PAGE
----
A discredited old yarn resurfaces about who 'invented' email

A discredited old yarn resurfaces about who 'invented' email
Where did email start? Not where the Huffington Post thinks. (Kin Cheung / AP)

The Huffington Post has been running an enormous five-part series about the invention of email. It's a heartwarming story. It begins:

"In 1978, a 14-year-old boy invented email." 

It continues: "Email wasn't created, with a massive research budget, in big institutions like the ARPANET, MIT or the military....Email was created in the heart of inner city Newark, NJ, at a relatively small institution, with little to no funding."

This all would be heartwarming -- if it were true, that is.

But it's not true. The story has been retailed for years by its putative hero, the then-14-year-old V.A. Shiva Ayyadurai, who today has several advanced degrees from MIT on his resume and works as an entrepreneur.

Over the years, Ayyadurai's claim been swallowed by numerous publications, including the Washington Post, the New York Times and even The Tech, the student newspaper at MIT. They all ended up running retractions. (Patrick Pexton, who defended the original piece as the Post's then-ombudsman, had to run his own separate retraction.)

The Huffington Post doesn't quite function the same way. Its response to naysayers in the tech community pointing out that Ayyadurai didn't invent email includes a truculent assertion that doubts about Ayyadurai's claim represent myths "fabricated by industry insiders to hijack the invention of email." But it also has backed off--a bit--from the claim that Ayyadurai invented email. More on that in a moment.

First, here's the history. Email was, indeed, "created, with a massive research budget, in big institutions like the ARPANET, MIT or the military."

To a large extent it was the product of the Defense Department's Advanced Research Projects Agency, which launched the ARPANET program to create a network tying together the disparate computer science programs it was funding around the country. Much of the story is told in "Dealers of Lightning," my book about Xerox's Palo Alto Research Center, and "Where Wizards Stay Up Late," by Katie Hafner and Matthew Lyon. The ARPANET, after several generations, evolved into the Internet.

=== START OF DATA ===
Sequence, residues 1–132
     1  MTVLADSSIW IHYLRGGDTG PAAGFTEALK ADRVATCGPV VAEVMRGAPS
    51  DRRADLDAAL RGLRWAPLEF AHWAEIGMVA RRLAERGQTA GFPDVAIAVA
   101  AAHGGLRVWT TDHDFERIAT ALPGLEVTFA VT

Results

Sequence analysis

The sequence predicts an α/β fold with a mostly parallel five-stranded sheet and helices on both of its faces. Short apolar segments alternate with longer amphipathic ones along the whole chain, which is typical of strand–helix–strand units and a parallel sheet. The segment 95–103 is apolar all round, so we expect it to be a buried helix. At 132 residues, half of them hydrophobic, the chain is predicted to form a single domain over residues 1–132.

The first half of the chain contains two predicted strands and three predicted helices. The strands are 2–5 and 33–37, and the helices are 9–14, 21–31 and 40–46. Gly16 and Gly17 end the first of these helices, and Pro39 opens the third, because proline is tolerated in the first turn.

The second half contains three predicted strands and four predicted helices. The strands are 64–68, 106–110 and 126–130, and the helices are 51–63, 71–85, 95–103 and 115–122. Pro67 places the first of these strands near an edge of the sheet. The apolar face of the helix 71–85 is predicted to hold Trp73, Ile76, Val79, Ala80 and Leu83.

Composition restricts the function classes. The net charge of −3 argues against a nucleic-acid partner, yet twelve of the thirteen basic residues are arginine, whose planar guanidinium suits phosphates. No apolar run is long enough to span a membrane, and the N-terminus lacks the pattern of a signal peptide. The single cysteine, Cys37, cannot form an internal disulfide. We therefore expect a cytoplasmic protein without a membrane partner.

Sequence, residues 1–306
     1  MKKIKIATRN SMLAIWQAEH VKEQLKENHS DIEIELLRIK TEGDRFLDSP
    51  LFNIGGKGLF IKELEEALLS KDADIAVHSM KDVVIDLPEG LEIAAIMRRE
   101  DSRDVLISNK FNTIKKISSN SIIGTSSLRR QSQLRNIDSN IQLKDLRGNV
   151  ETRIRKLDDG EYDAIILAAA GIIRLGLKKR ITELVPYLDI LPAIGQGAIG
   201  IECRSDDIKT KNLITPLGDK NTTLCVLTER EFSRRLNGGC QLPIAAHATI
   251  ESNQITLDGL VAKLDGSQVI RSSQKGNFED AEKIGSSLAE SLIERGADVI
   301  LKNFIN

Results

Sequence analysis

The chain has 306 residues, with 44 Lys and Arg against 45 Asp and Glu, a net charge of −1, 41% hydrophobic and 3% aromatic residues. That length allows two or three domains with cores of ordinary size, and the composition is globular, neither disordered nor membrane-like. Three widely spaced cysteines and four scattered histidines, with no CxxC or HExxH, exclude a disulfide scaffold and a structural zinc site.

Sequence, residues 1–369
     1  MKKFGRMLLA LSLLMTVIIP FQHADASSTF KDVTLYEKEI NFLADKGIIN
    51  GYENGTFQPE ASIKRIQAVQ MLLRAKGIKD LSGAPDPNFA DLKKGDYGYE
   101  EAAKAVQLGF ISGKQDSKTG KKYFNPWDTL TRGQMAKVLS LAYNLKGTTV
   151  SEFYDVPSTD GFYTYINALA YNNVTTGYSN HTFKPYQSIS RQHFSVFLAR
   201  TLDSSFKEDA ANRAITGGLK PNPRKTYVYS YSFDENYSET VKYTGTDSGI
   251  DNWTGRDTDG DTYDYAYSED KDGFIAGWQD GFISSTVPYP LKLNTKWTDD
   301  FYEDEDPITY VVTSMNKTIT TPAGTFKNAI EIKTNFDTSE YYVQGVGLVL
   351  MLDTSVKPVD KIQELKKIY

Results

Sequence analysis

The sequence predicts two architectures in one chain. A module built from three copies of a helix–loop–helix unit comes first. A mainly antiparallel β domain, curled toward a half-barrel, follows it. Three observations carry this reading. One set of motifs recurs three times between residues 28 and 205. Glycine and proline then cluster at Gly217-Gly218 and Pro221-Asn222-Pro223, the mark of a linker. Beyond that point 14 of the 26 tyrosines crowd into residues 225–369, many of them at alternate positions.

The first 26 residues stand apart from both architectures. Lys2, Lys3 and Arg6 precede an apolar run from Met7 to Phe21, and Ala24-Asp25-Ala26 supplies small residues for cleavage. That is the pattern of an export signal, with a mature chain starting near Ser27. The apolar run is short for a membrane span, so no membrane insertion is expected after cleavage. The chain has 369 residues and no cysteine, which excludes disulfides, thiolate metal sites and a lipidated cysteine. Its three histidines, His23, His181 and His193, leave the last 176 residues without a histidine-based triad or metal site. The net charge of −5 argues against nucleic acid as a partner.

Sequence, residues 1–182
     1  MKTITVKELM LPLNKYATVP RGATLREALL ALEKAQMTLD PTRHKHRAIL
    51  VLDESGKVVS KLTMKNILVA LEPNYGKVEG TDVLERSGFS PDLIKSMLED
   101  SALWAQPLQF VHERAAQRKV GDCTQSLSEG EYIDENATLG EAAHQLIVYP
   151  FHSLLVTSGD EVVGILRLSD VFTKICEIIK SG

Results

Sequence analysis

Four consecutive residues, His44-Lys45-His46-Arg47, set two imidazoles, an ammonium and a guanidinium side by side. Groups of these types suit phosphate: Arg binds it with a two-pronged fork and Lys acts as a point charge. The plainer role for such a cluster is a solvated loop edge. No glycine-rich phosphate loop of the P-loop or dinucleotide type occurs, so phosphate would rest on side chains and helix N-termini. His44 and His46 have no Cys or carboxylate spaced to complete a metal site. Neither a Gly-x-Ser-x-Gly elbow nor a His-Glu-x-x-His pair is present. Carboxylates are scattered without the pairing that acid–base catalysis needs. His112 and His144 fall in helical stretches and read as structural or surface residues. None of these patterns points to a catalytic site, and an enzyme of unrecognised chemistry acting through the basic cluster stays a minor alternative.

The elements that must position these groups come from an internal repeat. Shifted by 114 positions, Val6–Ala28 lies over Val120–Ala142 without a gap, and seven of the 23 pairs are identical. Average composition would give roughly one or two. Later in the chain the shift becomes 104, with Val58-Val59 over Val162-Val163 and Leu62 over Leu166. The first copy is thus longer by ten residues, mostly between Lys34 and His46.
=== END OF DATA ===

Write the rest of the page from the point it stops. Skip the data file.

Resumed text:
Electronic messaging even predated the ARPANET program--one form was used at MIT as early as 1965--but that was where the protocol was developed and codified.

Many, many engineers and scientists worked on messaging programs--some of them extremely famous within the Internet development community for their work. But to the extent there is a single "inventor" of email, the term usually is applied to Ray Tomlinson of Bolt Beranek and Newman. BBN was a major contractor on the ARPANET. In 1971 or 1972, Tomlinson made a couple of key refinements to the existing message protocol, including the use of the "@" sign as a component of message addresses. After that, as an authoritative history of the technology observes, email quickly matured "from a fun idea to a central feature of the Arpanet (and later the Internet)." 

What about Ayyadurai? In 1978, he designed an email system for the University of Medicine and Dentistry of New Jersey and called it "email." Later he copyrighted the term. The Huffington Post series asserts that "at that time, Copyright was the equivalent of a patent, as there was no other way to protect software inventions." But that's ridiculously untrue. A copyright is not a patent, and never was. What was copyrighted in this case, it seems, was Ayyadurai's specific program, period.

It was an iteration of a messaging system for a client, but the "invention" of email? Nuh-uh. By 1978, in fact, email was sufficiently widespread that the first spam message had already gone out.
Rutgers Medical School, which is the successor to Ayyadurai's university client, has been pushing this version of the origin story--three of the Huffington Post installments, as it happens, were written by people associated with the school.
The Huffington Post on Tuesday appended a "clarification" to the series, stating that "electronic messaging predates email" and "there is no intention to take credit where it is not due," but also asserting that "email as we know and experience it today, not electronic messaging, was first created in 1978 at UMDNJ." That claim still doesn't appear to hold water. If Rutgers is hanging its story on the distinction between "messaging" and "email," that's less than nano-thin. 

In short, the true history of email is well documented. In addition to the books cited above, interested readers can consult this piece in IEEE Annals, this piece by Dave Crocker commissioned by the Washington Post after its flub, and another chronicle by historian Tom Van Vleck. At, Mike Masnick has been assiduously following the Ayyadurai and Huffington Post sagas here and here

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